alexa Select cardiovascular and metabolic responses of diabetic rats to moderate exercise training.
Infectious Diseases

Infectious Diseases

Journal of AIDS & Clinical Research

Author(s): Wegner JA, Lund DD, Overton JM, Edwards JG, Oda RP, , Wegner JA, Lund DD, Overton JM, Edwards JG, Oda RP,

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Abstract The combined influence of diabetes and moderate treadmill exercise training on select metabolic and cardiovascular parameters was investigated with mature male Sprague-Dawley rats assigned to either control diabetic or diabetic groups receiving exogenous insulin. Experimental diabetes was induced with streptozotocin (80, i.v.) and verified by blood glucose concentrations greater than 16 mmol. The animals were designated as control, insulin-injected (5, twice daily), or saline-injected (twice daily), and assigned to either non-trained or trained sub-groups. Insulin treatment partially restored the measured physiological functions to within normal limits. All animals were trained at 60 to 70\% maximal oxygen consumption for 9 wk and exhibited higher maximal oxygen consumption values and cytochrome oxidase activity of the soleus muscles. Diabetes caused lower (P less than 0.05) reductions in resting heart rate but training-induced bradycardia did not occur in any group. Heart rate response to atropine sulfate (1, atrial choline acetyltransferase activity, atrial acetylcholine concentration, and quinuclidinyl benzilate binding was measured to evaluate changes in the parasympathetic nervous system. Atropine-induced cardiac acceleration was most pronounced in control and least effective in diabetic animals. Endurance training had no meaningful influence on this response to cholinergic inhibition. Quinuclidinyl benzilate binding for the diabetic and the diabetic groups receiving insulin revealed no change in receptor number, receptor affinity, or training effects. These findings indicated that 9 wk of exercise training improves the aerobic capability of insulin-deficient rats without changing cardiovascular characteristics associated with the parasympathetic nervous system.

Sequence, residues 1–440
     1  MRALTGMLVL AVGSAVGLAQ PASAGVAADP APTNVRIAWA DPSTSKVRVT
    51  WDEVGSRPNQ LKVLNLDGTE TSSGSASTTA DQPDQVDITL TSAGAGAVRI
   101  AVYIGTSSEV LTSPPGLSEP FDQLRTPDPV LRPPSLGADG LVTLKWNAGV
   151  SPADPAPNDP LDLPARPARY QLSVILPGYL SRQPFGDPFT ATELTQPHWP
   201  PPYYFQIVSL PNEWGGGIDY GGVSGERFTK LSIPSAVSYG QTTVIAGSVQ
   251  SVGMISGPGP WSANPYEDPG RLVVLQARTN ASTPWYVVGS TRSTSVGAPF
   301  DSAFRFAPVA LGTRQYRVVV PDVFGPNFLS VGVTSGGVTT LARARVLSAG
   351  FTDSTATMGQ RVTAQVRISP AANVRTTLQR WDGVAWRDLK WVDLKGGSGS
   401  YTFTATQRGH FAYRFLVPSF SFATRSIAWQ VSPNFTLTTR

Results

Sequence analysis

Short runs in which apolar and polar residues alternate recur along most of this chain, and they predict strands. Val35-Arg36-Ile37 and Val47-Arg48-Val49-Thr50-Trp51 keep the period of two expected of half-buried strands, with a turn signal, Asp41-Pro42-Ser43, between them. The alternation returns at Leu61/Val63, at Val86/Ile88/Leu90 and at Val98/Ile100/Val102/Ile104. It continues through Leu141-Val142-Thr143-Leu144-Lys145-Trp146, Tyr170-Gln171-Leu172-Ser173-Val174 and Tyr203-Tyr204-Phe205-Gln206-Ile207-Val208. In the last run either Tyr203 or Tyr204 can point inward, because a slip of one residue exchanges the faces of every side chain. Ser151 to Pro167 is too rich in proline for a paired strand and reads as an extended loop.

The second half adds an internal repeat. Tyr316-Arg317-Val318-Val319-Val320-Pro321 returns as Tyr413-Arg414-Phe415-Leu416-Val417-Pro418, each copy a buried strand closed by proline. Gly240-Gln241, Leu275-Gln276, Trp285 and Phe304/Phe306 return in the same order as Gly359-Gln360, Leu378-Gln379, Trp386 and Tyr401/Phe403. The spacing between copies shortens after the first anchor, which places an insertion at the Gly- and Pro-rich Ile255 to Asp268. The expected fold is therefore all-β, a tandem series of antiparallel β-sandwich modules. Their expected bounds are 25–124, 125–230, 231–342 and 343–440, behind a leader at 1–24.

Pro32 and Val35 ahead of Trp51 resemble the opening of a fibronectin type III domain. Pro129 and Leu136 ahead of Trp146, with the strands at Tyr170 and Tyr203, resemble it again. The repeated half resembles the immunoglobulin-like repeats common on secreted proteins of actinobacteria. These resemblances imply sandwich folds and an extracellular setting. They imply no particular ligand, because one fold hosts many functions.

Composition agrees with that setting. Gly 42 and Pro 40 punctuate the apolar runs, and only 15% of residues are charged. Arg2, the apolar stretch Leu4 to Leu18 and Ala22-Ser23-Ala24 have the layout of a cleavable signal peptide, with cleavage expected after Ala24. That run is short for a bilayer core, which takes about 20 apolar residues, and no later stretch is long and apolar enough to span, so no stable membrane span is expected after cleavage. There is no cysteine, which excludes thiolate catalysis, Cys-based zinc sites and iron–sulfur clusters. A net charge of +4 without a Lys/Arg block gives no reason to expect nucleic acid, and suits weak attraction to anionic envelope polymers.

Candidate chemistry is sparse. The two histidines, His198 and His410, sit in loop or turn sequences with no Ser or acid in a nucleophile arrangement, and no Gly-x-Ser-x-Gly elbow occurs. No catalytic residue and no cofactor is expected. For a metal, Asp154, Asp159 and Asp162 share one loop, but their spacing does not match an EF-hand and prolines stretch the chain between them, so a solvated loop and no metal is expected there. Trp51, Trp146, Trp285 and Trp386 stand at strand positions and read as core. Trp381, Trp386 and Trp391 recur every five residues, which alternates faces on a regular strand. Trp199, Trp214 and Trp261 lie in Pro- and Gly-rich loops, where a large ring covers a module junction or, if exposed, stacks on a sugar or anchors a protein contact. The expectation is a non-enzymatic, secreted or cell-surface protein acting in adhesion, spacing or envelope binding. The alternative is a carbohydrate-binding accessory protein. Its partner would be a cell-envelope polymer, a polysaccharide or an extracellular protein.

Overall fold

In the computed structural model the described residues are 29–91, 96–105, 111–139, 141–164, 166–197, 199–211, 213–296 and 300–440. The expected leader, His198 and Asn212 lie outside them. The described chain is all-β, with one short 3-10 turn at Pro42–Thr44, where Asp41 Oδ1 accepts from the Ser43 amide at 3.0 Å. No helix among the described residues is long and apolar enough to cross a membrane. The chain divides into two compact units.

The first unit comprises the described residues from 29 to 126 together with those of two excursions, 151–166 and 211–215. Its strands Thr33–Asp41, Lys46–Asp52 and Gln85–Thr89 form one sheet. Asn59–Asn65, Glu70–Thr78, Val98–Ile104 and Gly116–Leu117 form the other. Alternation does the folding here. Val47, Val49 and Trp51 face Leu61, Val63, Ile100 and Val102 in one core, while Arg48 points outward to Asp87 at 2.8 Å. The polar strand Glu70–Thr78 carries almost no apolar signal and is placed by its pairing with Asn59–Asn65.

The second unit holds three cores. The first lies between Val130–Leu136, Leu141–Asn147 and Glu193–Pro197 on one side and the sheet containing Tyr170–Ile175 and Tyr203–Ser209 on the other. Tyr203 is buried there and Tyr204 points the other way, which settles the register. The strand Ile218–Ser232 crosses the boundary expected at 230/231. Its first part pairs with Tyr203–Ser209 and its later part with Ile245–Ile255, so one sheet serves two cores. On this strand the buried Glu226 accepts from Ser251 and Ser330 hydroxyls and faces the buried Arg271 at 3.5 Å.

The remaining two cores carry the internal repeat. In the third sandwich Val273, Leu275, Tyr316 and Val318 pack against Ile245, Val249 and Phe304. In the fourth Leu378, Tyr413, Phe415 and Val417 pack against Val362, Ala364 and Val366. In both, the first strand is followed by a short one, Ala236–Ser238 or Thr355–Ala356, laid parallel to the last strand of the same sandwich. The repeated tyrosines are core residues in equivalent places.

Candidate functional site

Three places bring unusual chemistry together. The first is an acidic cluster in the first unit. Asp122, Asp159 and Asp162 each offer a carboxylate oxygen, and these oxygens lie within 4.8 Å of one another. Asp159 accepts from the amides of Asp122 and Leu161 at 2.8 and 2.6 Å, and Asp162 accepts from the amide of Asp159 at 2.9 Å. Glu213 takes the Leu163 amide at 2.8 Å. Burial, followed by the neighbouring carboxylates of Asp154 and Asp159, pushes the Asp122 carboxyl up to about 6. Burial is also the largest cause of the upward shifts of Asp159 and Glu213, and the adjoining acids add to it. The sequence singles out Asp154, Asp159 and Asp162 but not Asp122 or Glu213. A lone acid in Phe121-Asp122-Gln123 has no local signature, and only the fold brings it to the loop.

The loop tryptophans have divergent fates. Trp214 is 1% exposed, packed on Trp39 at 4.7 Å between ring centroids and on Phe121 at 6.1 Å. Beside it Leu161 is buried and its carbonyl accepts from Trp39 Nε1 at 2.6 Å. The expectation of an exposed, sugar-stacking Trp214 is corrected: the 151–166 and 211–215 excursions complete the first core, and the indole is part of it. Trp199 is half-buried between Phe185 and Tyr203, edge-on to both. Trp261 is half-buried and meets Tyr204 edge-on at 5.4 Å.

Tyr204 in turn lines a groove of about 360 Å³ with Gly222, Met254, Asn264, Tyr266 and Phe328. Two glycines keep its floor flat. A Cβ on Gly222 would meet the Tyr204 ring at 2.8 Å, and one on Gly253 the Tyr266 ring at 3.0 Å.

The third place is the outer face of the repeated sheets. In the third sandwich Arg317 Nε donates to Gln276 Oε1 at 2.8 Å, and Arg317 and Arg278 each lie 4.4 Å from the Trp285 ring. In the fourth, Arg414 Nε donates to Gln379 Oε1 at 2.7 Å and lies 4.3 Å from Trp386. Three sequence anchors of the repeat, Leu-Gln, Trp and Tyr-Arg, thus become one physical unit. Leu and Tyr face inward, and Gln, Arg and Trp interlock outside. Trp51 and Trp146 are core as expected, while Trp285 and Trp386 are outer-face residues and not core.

This article was published in Med Sci Sports Exerc and referenced in Journal of AIDS & Clinical Research

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